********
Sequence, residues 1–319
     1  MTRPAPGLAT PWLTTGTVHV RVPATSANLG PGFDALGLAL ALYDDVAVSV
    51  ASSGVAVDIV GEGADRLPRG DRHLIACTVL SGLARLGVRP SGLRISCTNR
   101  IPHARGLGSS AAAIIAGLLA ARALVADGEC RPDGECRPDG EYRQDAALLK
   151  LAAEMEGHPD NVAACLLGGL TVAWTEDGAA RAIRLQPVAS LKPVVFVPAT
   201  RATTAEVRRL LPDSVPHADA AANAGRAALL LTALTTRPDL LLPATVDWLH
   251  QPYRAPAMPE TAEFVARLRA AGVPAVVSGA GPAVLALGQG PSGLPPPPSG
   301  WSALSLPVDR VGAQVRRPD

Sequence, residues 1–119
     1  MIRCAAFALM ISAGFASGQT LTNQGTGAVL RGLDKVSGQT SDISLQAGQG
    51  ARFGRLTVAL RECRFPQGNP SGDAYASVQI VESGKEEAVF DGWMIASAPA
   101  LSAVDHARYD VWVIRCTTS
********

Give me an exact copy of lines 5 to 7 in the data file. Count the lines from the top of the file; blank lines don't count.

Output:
   151  LAAEMEGHPD NVAACLLGGL TVAWTEDGAA RAIRLQPVAS LKPVVFVPAT
   201  RATTAEVRRL LPDSVPHADA AANAGRAALL LTALTTRPDL LLPATVDWLH
   251  QPYRAPAMPE TAEFVARLRA AGVPAVVSGA GPAVLALGQG PSGLPPPPSG